At the ghetto gate, where the Jews are forced to check in at the folding tables for their housing assignments, Pfefferberg, with his attractive wife Mila (Adi Nitzan), is astonished to see that his Jewish friend Goldberg has sold out - he has somehow made an agreement with the Nazi Gestapo to be granted a position of authority as a ghetto policeman: "I'm a policeman now, could you believe it? That's what's hard to believe...It's a good racket, Poldek. It's the only racket here. Look, maybe I could put in a good word for you with my superiors...Come on, they're not as bad as everyone says. Well, they're worse than everyone says, but it's a lot of money, a lot of money."
Stern arranges to have several wealthy Jewish elders meet with profiteer Schindler in his car parked outside the ghetto gates to discuss investment backing in Schindler's pan-manufacturing factory. The Jewish investors are made to understand that conventional wealth and status no longer have any meaning for them. Their only bargaining power is to accept his harsh terms - he will supply them with some of the production goods - pots and pans - to sell on the black market:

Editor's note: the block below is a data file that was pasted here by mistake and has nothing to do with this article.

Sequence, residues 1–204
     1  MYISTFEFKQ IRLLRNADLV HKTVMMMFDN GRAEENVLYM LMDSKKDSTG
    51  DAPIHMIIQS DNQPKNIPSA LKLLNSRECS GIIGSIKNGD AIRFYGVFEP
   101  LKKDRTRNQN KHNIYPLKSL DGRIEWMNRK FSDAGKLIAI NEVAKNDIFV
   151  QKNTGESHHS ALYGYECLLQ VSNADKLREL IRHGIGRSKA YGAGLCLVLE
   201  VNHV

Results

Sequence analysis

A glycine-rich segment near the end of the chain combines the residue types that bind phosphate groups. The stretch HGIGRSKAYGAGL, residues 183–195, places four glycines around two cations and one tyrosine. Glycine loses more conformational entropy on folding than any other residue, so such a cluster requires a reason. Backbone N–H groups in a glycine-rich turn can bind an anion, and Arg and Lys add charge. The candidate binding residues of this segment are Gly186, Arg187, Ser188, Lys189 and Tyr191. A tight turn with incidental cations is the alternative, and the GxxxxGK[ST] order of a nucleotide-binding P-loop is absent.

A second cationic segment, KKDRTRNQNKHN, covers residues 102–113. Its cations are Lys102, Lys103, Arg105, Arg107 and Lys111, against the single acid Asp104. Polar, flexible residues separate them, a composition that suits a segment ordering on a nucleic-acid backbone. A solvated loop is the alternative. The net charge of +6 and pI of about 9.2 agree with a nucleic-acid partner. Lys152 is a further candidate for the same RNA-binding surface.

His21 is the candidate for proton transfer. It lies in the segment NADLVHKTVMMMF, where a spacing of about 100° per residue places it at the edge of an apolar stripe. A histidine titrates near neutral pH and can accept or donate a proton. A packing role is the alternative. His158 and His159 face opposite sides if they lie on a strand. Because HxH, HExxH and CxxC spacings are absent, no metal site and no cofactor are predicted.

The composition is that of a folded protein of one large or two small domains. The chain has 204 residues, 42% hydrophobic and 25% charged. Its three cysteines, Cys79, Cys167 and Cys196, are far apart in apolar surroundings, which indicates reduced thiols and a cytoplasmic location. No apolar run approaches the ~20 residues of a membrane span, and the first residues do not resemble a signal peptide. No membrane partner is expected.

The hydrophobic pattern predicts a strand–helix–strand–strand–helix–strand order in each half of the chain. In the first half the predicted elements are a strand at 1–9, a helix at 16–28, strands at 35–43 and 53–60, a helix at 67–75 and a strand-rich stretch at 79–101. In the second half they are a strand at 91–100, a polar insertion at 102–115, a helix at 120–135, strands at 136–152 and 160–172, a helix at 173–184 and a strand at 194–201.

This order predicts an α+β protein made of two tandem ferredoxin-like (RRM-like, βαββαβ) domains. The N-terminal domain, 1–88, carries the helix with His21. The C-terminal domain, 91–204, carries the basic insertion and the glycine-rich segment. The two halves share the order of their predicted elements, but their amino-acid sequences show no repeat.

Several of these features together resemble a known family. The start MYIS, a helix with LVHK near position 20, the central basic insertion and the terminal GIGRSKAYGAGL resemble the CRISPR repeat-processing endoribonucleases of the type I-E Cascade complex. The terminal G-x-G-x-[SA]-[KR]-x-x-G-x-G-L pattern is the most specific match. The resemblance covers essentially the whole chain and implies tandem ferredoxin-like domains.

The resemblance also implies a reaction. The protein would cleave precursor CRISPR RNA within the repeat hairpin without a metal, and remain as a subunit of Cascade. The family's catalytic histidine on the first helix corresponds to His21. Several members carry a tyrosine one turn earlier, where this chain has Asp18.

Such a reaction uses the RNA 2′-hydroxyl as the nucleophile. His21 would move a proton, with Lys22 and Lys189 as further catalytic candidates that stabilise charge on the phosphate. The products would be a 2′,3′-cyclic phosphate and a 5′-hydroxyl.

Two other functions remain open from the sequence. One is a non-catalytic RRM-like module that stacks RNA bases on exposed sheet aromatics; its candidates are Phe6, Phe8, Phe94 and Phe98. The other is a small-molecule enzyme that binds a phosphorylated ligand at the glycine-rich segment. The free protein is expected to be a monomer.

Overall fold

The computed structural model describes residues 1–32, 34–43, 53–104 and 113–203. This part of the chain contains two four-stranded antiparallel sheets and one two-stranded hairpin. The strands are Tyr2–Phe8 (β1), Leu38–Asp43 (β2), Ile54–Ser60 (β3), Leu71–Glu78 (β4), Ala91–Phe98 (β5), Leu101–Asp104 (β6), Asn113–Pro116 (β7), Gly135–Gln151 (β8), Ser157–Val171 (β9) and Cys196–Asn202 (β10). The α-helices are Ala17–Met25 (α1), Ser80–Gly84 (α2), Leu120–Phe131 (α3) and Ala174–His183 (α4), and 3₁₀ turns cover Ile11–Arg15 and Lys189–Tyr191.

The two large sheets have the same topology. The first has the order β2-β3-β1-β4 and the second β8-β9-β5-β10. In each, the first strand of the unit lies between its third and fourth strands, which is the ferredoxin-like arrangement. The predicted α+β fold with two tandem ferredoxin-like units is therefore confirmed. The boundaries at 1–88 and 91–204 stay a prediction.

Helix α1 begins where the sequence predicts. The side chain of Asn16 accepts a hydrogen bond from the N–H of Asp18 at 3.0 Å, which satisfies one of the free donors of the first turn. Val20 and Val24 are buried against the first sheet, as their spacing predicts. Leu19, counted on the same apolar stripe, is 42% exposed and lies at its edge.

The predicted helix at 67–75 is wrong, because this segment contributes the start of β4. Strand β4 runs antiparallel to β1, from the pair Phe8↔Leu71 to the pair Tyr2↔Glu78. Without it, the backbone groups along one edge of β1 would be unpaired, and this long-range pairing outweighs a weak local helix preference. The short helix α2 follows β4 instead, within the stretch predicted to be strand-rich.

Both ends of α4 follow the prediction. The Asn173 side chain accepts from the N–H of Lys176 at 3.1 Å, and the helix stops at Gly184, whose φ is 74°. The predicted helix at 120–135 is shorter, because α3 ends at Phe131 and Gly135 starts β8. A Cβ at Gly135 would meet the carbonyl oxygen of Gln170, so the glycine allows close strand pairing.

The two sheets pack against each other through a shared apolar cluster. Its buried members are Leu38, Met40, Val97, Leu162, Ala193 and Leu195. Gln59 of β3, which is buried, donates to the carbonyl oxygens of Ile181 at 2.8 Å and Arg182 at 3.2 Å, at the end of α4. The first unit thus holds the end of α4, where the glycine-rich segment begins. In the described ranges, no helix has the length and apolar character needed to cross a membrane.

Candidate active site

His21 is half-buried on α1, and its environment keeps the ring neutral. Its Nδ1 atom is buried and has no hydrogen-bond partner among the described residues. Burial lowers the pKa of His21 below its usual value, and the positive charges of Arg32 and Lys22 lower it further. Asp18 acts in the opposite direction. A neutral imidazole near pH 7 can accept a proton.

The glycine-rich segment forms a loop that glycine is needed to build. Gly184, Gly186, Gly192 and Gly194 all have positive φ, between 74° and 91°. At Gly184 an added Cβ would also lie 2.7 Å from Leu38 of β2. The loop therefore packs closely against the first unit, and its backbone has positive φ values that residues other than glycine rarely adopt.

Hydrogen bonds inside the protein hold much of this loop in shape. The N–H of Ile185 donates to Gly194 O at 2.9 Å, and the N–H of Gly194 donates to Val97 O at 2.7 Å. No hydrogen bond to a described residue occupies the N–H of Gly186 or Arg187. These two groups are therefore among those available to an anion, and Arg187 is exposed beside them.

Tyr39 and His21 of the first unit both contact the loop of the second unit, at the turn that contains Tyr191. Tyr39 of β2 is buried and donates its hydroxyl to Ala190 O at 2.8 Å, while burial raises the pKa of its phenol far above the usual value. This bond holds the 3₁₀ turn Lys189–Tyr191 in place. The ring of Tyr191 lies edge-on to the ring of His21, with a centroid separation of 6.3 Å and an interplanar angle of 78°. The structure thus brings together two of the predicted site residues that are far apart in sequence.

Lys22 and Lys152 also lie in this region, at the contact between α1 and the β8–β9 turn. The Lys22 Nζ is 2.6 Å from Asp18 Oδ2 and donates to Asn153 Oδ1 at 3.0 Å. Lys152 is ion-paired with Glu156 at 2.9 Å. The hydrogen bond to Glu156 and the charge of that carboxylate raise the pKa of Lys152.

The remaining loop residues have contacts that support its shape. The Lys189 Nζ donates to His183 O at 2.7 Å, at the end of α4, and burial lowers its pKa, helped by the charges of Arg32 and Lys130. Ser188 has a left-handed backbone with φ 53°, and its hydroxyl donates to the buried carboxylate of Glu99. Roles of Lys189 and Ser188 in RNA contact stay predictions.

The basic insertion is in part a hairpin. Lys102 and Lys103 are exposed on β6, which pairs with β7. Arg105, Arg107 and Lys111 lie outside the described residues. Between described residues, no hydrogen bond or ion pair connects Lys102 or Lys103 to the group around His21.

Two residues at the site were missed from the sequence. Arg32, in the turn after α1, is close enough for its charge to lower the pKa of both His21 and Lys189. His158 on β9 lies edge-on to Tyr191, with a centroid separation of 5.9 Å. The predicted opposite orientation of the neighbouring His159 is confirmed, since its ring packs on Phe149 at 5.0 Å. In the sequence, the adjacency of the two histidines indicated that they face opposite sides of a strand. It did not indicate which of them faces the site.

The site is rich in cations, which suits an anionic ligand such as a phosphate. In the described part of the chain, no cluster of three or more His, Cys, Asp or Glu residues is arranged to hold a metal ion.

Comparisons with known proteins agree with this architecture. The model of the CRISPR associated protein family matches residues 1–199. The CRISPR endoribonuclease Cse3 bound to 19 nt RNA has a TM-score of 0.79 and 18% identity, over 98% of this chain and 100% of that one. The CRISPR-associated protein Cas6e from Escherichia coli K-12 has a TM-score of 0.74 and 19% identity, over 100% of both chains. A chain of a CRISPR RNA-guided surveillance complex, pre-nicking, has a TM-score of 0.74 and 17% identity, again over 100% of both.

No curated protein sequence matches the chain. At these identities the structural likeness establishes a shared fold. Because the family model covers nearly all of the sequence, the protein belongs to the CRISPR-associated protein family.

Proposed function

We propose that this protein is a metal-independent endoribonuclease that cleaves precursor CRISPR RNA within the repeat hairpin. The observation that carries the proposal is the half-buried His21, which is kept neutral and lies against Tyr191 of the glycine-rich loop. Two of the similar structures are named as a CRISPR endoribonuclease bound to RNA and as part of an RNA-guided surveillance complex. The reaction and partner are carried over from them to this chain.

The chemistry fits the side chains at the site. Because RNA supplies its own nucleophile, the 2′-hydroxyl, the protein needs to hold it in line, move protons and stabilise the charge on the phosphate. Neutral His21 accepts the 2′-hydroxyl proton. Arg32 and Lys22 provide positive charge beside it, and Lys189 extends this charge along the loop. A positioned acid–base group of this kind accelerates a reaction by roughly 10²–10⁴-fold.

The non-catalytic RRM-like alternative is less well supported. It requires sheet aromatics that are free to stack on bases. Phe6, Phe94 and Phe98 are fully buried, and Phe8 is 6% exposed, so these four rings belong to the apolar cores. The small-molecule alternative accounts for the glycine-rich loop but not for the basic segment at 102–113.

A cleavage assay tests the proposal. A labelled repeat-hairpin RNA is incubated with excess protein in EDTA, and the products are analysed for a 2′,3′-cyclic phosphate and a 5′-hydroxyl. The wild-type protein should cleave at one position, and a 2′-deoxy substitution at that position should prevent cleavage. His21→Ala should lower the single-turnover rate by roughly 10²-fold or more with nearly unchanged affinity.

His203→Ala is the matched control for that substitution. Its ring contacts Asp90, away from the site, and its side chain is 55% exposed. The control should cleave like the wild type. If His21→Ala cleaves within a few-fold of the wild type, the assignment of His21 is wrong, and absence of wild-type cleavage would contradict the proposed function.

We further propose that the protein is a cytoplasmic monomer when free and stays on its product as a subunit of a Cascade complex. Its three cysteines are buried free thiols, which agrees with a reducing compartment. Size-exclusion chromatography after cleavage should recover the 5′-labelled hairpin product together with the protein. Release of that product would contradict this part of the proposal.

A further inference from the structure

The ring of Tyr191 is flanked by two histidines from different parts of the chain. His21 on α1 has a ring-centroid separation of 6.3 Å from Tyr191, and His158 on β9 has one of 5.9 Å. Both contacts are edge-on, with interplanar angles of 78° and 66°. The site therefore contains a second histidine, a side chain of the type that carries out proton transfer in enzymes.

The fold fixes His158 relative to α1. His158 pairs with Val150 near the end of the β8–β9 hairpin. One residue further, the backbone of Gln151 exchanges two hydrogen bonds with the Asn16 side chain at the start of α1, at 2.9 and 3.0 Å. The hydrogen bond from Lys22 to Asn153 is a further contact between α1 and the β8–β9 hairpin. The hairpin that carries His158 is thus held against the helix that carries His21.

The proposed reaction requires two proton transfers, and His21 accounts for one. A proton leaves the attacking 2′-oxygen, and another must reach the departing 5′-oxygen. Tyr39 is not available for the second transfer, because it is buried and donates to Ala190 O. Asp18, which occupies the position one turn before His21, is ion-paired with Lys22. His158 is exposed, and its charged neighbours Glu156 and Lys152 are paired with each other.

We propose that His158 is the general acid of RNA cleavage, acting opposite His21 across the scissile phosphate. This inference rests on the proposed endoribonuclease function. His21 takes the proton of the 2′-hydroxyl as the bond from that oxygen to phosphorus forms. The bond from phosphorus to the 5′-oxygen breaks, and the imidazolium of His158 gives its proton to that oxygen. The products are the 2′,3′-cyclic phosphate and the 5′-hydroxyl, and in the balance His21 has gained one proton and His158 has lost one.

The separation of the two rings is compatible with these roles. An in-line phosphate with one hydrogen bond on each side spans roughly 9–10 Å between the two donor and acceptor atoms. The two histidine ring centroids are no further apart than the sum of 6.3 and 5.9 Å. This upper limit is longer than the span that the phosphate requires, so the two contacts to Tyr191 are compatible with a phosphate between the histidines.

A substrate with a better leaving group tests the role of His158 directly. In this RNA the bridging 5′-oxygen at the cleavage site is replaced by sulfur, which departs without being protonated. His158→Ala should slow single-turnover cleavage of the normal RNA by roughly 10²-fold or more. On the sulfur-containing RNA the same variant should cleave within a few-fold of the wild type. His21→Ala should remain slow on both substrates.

Schindler: For each thousand you invest, I will repay you with (Stern provides the number) two hundred kilos of enamel ware a month, to begin in July and to continue for one year - after which time we're even. That's it. It's very simple.
Investor: Not good enough...
Schindler: Not good enough? Look where you're living. Look where you've been put. 'Not good enough.' A couple of months ago, you'd be right. Not anymore.
Investor: Money's still money.
Schindler: No it is not. That's why we're here. Trade goods, that's the only currency that'll be worth anything in the ghetto. Things have changed, my friend. (slightly irritated) Did I call this meeting? You told Mr. Stern you wanted to speak to me. I'm here. I've made you a fair offer.